This theory is a very sound one for painting in Oils. But that is on its own will not be enough. As well as putting on darks first, start with thin paint and no detail, and work towards ‘Fatter’ and fatter paint and more and more detail. I will explain over my next three months.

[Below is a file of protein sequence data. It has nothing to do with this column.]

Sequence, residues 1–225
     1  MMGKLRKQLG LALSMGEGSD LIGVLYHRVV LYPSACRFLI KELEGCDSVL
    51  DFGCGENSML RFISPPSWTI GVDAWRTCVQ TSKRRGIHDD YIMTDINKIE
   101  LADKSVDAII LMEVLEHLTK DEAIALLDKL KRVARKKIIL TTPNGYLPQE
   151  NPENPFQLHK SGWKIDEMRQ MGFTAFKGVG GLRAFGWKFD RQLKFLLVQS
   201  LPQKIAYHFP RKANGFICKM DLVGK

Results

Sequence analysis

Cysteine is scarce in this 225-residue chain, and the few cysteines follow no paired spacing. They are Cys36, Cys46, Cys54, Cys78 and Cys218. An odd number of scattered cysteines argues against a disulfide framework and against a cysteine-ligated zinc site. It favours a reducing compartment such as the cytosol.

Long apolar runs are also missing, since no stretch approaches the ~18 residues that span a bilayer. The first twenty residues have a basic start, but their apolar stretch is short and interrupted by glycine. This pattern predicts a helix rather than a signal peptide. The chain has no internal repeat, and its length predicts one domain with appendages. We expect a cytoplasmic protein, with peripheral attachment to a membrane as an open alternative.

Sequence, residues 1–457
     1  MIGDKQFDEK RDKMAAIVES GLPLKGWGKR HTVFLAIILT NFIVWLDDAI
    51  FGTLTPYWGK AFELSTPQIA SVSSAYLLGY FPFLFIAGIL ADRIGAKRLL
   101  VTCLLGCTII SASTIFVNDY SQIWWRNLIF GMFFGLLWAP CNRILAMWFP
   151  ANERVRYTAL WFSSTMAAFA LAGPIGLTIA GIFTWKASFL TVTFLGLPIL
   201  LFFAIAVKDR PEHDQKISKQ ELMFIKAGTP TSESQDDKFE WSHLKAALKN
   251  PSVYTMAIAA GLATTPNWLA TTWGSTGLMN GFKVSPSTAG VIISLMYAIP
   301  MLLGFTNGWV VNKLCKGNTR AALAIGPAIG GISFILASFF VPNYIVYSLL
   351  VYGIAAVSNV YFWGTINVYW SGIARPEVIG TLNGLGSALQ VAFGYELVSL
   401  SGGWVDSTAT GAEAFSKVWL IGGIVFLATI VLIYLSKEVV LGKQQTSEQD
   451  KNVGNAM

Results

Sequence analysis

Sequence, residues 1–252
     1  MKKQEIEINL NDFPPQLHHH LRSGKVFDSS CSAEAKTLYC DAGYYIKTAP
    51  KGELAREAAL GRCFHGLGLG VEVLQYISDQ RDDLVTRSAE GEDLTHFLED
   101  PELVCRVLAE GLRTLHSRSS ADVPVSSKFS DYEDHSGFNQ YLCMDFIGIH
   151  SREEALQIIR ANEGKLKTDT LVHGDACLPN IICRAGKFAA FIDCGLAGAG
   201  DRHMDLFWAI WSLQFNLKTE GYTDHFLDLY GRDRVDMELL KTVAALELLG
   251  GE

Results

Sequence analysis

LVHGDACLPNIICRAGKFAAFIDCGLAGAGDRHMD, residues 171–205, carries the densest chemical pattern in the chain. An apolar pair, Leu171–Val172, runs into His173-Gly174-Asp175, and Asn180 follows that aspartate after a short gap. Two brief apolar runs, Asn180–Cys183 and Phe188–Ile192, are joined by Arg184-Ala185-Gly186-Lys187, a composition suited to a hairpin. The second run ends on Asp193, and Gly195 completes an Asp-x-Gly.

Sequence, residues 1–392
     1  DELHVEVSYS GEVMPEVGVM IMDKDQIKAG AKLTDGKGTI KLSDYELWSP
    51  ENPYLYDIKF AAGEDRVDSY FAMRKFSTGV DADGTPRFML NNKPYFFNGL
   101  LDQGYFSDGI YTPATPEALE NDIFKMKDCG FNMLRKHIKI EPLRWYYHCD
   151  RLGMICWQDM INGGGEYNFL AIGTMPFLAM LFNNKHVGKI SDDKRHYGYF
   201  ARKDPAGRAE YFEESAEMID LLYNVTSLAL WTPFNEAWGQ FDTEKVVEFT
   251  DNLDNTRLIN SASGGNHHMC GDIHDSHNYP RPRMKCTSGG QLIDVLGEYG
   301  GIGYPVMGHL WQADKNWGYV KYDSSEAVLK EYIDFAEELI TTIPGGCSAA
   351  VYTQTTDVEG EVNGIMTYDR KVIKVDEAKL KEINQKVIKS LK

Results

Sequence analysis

Remember, you are painting the deepest darks first, were very little light is penetrating. Especially if you are painting a scene outside, much of this deep shadow could be some distance from you. Conclusion: Nobody, unless their father is an eagle can see detail in deep shade at a distance. So don’t put any detail in at this stage. Try to lather paint on with as little brush strokes visible as possible, just like painting the house – ‘Lay off’ the paint by gentle horizontal and vertical brush strokes, with a beard flat brush. This prepares the way to contrast some detail against the “quiet” area, when you lay on high lights. This works particularly well with distant details in landscapes. It will also, if your colours are wisely mixed, add to the depth, as it confirms the viewer’s subconscious expectations, that detail recedes with distance.